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Floods in U.K. expected to produce repair bill of £1.3 billion, good progress on repairs to date


May 26, 2016   by Canadian Underwriter


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The average cost of a domestic claim for the floods caused by Storms Desmond, Eva and Frank – which hit the United Kingdom in December and early January – is higher than usual, with the Association of British Insurers (ABI) reporting it expects the final repair bill for the events will reach £1.3 billion.

The average cost of each domestic insurance claim is about £50,000, ABI notes in a press release issued Wednesday, adding that the cost is “higher than usual and reflects the extensive damage caused by the flood waters in some locations.”

ABI reports that “insurers are spending nearly £27.5 million on alternative accommodation for affected families while their properties are repaired. The final bill for all repairs is expected to reach £1.3 billion.”

The number of insurance claims for flooded homes and businesses made in the wake of the storms has climbed to more than 15,000. Of those, 85% have been either fully or partly paid out to date, ABI notes.

In late March, PERILS AG disclosed its latest (second of four) insured property market loss estimate of £578 million for flooding in the U.K. related to Eva and Frank. The company’s second estimate for losses from the Desmond floods in the first half of December amounted to £662 million.

“Repairing a flooded building cannot be rushed because of the importance of making sure it is properly dried out before repairs are done,” Mark Shepherd, ABI’s manager of general insurance policy, says in the association statement.

The ABI statement explains the drying stage is one of the most important parts of the repair process. “When properties are flooded by several feet of water, it gets deep into the brickwork and structure of the building. The building needs to be completely dried out before repairs and rebuilding start, and that means dry deep into the walls, not just dry at the surface,” the statement notes.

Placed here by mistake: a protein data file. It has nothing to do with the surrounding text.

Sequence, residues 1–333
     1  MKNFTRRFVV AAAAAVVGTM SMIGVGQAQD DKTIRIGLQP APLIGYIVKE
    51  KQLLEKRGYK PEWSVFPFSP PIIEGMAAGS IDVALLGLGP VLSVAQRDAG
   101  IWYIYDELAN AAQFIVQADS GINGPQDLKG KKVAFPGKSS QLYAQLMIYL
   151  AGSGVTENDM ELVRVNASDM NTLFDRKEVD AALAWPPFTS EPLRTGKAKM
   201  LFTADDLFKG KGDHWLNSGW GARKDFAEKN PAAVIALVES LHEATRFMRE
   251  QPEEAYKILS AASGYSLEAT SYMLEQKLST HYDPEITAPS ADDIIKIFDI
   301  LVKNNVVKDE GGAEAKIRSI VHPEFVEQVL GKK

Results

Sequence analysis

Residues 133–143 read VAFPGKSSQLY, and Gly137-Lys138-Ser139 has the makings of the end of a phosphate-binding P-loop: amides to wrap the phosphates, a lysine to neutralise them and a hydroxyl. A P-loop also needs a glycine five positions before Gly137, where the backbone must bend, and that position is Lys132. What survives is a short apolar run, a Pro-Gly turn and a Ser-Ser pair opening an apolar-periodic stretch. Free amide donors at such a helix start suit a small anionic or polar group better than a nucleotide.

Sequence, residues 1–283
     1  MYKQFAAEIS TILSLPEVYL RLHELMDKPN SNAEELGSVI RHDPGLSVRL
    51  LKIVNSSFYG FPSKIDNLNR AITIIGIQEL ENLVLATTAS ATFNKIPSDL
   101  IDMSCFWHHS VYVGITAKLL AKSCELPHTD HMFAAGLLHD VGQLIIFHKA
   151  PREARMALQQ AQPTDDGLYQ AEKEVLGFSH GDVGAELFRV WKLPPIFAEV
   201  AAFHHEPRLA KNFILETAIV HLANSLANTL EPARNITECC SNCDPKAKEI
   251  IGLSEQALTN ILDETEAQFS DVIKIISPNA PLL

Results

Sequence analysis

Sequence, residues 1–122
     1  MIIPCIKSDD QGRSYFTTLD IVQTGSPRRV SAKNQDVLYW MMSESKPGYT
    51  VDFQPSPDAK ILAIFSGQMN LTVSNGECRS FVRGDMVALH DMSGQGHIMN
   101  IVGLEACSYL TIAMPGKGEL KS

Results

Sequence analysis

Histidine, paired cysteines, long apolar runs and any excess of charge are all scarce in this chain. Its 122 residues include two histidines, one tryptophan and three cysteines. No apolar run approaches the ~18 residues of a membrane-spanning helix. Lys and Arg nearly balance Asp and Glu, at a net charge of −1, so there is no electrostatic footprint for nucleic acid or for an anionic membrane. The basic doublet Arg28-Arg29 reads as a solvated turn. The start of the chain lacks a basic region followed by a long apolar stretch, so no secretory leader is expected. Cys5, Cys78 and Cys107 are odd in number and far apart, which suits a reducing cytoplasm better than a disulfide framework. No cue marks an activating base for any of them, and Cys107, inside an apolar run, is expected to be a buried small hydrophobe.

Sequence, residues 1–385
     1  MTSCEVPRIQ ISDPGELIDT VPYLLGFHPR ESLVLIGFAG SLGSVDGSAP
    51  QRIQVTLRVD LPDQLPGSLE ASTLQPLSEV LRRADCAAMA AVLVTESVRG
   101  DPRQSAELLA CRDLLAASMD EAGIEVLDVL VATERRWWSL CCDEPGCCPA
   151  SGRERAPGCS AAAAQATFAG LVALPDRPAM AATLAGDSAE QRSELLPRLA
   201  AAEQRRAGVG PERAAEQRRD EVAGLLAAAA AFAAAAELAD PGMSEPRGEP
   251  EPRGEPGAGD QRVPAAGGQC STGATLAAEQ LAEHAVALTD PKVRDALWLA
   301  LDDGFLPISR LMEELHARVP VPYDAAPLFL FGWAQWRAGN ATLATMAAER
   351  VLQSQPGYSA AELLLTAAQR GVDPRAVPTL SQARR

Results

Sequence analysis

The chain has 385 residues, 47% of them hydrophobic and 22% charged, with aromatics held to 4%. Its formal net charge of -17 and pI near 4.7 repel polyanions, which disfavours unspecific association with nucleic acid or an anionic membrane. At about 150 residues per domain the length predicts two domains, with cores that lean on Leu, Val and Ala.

“Repairs done to a property which isn’t completely dry may create future problems for the owner or resident. There also needs to be full decontamination to ensure the property is safe to return to,” ABI adds.

“It’s good to know that thousands of homes and businesses are getting back to normal nearly six months on,” Shepherd says. “Small businesses are the lifeblood of many local economies and insurers have been working flat out to get many open and trading again,” he adds.

Repairing a property after a flood provides home and business owners an opportunity to look at installing flood resistance and resilience measures meant to help keep the water out, or reduce the damage done, notes the statement.

“Businesses should consider using a specialist broker and ensure they fully understand the risk of flooding to their premises so they can make their business as resilient as possible, potentially by installing flood resistance and resilience measures,” it points out.

As for government, it remains vital that government “invests in the long-term flood risk management of these areas in order to better protect them from the chances of future flooding,” ABI contends.

“The work needed to fully restore every single property affected in December continues with the same sense of urgency as in the immediate aftermath,” Shepherd goes on to say.